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"Usted sintió eso."

Translation:You felt that.

1
5 years ago

62 Comments


https://www.duolingo.com/jake8008

Why would it give an alternate defintion as 'heard', and not accept it as a correct answer?

42
Reply14 years ago

https://www.duolingo.com/calebrankin

Because Duolingo

77
Reply13 years ago

https://www.duolingo.com/Mr.Smilie
Mr.Smilie
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my guess is because we already covered hear as "oír"..when I hear or read "sintió" it kind of reminds me of "sense" (I believe a lot of these words have common root words) and to sense something is to 'feel' it (next time I get this one I'll try "sensed").. duo likes to give hints that are poor translations for the situation, it's (like I have seen someone else say before) better treated like a multiple choice on a test it COULD be right.. but it could be wrong, use your judgment for context and past knowledge to double check yourself..

Edit: words in italic, edited gracias a skepticalways nov 29 2015

9
Reply3 years ago

https://www.duolingo.com/mitaine56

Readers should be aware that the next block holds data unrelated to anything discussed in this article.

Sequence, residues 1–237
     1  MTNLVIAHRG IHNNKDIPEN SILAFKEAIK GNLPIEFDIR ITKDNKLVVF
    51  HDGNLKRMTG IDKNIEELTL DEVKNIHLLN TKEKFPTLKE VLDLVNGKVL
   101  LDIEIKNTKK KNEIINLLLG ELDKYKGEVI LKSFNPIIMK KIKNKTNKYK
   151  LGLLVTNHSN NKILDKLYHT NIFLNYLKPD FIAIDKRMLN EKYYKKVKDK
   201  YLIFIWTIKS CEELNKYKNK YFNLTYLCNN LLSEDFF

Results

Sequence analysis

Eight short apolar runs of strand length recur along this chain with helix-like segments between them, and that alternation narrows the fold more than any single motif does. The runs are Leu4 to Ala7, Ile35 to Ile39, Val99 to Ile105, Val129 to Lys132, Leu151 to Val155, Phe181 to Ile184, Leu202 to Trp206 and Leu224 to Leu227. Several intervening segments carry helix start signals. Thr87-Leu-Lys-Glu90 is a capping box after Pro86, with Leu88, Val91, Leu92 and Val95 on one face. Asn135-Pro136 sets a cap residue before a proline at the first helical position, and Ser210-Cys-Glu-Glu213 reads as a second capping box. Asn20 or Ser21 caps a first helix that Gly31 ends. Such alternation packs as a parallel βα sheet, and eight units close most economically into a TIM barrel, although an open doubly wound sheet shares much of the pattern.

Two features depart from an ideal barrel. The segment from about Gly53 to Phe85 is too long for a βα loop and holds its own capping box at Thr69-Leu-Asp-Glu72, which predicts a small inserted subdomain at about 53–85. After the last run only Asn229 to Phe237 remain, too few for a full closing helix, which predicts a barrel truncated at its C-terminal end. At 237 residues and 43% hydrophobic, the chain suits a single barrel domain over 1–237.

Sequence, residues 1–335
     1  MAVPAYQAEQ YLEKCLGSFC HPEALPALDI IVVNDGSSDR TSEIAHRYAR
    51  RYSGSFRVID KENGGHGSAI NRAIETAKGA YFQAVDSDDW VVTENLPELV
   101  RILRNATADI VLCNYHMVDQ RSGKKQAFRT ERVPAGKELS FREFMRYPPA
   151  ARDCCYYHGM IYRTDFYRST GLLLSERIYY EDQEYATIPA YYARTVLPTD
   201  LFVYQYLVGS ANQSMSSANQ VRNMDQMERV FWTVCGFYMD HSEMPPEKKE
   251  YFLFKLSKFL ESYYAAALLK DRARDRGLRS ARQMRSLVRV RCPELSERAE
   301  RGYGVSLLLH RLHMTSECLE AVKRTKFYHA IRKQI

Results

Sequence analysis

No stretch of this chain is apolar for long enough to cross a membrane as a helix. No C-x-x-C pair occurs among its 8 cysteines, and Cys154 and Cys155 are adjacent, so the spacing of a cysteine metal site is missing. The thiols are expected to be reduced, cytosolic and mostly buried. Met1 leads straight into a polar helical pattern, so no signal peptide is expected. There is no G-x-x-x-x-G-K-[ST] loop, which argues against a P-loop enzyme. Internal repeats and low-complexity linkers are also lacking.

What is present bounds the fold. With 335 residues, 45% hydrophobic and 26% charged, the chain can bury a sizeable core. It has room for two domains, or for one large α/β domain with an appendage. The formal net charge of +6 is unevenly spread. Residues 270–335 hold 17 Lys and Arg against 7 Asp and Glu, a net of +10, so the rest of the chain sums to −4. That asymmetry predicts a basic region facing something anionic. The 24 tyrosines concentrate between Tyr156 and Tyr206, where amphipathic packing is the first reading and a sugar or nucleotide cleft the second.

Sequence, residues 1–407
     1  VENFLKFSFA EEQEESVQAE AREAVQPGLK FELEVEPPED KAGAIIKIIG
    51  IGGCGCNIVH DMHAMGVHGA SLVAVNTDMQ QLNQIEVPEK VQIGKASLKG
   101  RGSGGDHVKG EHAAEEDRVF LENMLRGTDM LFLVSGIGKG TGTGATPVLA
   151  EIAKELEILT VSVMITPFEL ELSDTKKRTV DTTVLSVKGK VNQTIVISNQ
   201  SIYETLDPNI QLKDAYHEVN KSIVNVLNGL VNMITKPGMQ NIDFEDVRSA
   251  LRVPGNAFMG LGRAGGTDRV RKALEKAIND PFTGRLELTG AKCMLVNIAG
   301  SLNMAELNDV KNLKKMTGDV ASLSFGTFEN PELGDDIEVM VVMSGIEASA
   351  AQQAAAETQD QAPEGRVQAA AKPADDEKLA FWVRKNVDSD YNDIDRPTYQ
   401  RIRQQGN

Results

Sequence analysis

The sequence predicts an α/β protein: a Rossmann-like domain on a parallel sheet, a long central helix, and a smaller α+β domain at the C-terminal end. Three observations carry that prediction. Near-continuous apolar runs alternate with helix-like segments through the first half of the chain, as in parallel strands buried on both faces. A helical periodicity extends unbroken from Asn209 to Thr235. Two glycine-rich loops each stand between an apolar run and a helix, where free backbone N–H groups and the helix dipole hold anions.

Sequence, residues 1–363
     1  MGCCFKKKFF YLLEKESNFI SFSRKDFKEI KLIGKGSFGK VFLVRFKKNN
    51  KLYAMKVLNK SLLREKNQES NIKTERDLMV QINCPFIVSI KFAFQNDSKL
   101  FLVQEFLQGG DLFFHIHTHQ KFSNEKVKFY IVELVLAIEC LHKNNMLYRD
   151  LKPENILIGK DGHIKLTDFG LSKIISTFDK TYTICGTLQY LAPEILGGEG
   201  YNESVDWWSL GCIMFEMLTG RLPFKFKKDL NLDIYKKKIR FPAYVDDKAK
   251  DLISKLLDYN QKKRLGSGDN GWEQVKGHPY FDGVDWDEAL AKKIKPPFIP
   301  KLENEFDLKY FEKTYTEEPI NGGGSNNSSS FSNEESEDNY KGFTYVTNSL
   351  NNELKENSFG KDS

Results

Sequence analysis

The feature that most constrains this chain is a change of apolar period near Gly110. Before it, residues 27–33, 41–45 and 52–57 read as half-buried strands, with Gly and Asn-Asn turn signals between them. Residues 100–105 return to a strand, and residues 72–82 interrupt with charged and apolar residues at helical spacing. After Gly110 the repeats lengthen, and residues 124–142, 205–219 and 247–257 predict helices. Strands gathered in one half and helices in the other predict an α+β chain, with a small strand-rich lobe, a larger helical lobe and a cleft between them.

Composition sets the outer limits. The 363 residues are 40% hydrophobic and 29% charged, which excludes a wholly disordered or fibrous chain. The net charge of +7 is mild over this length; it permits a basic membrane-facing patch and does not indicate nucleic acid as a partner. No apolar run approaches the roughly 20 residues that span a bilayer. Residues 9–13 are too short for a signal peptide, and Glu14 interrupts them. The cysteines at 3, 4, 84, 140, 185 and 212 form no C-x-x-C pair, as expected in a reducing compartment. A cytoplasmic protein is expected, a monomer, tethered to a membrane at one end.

Mr smile- In my Spanish dictionnary they also translate sentir by to hear a noise for exemple.

3
Reply3 years ago

https://www.duolingo.com/Mr.Smilie
Mr.Smilie
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mitanine56- yes, and on Spanishdict.com it lists it as taste, feel, hear, as well as several others (seems like pretty much anything that boils down to a sense or a feeling be it physical or emotional).

http://www.spanishdict.com/translate/sinti%C3%B3

I'm not saying that hear isn't a 'proper translation' or that it shouldn't be accepted, in fact it probably should be so. it probably requires reporting and, if a couple people do flag it, it will probably be accepted, but I was just answering the question of why it would be suggested but flagged as wrong.

2
Reply3 years ago

https://www.duolingo.com/JR777300

I think that you are right in that a correct translation would be "Did you sense that?" when it is a noise. So the word heard is not correct per se.... but that you sensed the noise.

Difficult to explain but I am sure that you get my drift!

3
Reply2 years ago

https://www.duolingo.com/Mr.Smilie